In this small village, as in other settings I have experienced, I sat in awe of the capacity that is there in women (but not limited to women) that goes untapped because an invitation is not there. Too many limited cultural, structural, political and historical realities crowd out the space. What was especially important about this Peace Mothers meeting in this village was that until someone gave me a tour of the village and showed me the houses, now vacant due to Ebola deaths, I would have never known what occurred in that place – ground zero for Ebola in Sierra Leone. The participants in the Peace Mothers meeting were vibrant, alive, actively participating in an astonishingly democratic process. They were identifying their individual and collective (as a group and larger communities) strengths and resources. They were engaged, laughing, and constructive. After a vigorous discussion of possible projects, they agreed on a soap-making enterprise. Some of the women and communities had ingredients, others had soap-making knowledge and ideas for ways to use other resources to buy the ingredients they were missing. There were no external financial resources given to this group. What they were given was an invitation and a respectful process offered from Fambul Tok staff who embodied the perspective that each person there was a worthy human beings participating in a larger, connected effort of healing and restoration to which they all belonged.

CFP has been a partner in developing this way of working and processes that invite wholeness – a whole person and whole community bringing their best. It has not been a simple formula. It has been a hard won and still evolving process that has required that the leadership of CFP and Fambul Tok insist on values leading – and finding ways to mobilize planning and activities around the values at every juncture.  This process has also been grounded in a deep reliance on spiritual values and resources that offer a vision of wholeness and connection even when situations seem visibly broken.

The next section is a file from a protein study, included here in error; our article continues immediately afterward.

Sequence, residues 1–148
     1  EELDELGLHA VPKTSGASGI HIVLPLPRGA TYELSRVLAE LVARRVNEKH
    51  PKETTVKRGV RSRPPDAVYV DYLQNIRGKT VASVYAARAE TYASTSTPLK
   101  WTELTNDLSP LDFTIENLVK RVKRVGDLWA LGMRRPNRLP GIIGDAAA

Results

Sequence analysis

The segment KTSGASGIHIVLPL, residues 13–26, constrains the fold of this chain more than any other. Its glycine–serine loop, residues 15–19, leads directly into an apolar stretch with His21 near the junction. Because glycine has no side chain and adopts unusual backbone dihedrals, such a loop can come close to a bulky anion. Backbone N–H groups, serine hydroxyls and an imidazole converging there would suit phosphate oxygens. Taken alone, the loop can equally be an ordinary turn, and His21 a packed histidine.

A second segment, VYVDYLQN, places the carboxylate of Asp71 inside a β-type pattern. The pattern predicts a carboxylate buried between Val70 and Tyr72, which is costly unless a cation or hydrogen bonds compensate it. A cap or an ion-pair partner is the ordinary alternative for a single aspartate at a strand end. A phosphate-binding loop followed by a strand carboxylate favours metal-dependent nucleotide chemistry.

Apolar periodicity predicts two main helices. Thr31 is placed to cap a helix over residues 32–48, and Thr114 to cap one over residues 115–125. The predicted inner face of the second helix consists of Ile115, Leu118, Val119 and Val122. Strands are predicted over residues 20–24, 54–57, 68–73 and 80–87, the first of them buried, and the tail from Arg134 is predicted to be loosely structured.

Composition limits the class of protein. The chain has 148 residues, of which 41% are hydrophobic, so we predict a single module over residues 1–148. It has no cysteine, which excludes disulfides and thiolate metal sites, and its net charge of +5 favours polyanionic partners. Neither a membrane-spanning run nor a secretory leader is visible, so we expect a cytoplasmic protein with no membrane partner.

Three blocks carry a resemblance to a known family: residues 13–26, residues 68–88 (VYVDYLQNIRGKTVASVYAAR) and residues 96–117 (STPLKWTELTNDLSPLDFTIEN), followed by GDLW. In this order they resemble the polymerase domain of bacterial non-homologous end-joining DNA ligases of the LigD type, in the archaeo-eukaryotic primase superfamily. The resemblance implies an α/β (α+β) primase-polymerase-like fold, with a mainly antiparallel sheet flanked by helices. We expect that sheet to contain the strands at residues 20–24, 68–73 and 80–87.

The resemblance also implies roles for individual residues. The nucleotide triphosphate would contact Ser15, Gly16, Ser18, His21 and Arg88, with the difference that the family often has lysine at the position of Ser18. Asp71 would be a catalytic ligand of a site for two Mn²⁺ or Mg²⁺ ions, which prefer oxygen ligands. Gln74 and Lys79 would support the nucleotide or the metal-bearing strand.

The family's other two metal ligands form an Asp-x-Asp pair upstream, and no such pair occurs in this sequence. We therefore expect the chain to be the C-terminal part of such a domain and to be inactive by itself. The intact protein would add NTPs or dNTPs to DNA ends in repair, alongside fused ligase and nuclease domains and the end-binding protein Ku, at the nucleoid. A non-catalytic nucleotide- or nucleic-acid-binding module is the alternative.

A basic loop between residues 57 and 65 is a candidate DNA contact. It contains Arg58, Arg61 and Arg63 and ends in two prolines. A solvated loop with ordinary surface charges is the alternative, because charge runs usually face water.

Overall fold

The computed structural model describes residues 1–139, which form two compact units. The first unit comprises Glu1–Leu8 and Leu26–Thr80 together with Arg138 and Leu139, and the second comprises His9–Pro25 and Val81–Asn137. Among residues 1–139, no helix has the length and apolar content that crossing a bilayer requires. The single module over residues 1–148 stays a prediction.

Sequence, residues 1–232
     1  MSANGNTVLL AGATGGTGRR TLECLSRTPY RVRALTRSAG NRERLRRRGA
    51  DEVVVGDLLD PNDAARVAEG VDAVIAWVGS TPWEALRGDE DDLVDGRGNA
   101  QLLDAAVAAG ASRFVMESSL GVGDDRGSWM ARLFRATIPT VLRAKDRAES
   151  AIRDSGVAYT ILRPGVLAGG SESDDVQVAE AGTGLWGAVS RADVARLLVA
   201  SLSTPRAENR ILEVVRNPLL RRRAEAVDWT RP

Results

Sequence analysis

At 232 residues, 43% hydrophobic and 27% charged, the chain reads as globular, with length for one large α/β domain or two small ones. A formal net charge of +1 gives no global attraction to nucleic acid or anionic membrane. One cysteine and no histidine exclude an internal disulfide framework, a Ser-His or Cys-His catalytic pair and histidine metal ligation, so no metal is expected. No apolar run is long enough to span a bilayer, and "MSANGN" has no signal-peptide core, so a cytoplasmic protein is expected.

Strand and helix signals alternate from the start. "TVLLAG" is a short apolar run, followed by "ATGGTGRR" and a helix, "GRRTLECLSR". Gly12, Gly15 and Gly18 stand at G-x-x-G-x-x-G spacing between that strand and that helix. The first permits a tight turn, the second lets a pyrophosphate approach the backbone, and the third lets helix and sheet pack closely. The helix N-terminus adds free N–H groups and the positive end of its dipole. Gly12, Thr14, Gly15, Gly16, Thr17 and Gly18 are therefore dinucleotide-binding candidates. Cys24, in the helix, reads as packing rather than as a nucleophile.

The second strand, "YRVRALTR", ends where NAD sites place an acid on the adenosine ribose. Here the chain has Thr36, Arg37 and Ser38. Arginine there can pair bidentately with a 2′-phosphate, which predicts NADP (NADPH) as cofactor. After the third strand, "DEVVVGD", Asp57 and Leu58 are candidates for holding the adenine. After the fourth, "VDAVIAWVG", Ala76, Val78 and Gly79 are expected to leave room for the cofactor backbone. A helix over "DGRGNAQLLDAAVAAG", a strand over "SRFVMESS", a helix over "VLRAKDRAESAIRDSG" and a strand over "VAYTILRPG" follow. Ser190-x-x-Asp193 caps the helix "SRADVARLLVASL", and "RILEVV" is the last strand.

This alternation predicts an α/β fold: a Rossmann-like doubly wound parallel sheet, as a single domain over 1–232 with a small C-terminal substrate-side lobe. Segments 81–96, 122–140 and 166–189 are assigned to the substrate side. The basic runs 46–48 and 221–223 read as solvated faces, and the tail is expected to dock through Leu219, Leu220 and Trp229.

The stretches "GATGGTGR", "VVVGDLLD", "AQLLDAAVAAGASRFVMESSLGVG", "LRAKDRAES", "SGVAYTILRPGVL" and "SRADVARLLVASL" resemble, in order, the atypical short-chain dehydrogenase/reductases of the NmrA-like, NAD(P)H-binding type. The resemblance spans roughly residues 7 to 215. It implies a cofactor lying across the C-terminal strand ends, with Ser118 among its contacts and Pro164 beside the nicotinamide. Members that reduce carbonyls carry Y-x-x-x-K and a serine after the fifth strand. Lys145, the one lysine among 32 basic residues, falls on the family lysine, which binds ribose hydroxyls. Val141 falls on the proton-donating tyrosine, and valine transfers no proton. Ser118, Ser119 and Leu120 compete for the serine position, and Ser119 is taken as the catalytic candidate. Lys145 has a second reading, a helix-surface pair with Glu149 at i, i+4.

There are many factors that I’ve experienced that take focus away from connection, wholeness and full recognition of resources: organizational survival, orientation towards ego and accomplishment (no matter the ends), structural limitations, reporting requirements, unrealistic timeframes, unhealthy competition that limits the best of what people have to offer, long histories of inequality and power imbalances…  I could go on. And yet, there are ways that people can come together, share their best, invite other’s best and together, find creative ways to move through challenges and draw on their own and collective strengths.

I am thrilled to be working with the visionary staff at CFP, and to be standing in a space carefully and lovingly constructed by CFP founder, Libby Hoffman. To this space, I’m bringing my experience with peacebuilding, evaluation, program design and a passion for the personal transformation and systems changes required to draw on the best of our human and earth community. Together, we will be identifying and exploring new (and old) ways of creating space for conversations, planning and reflection that identify the practices and structures that support the many forms and sources of positive contribution. My grounding and experience is in connecting visions with practical ways to move into them, and I am looking forward to applying those skills to my work at CFP.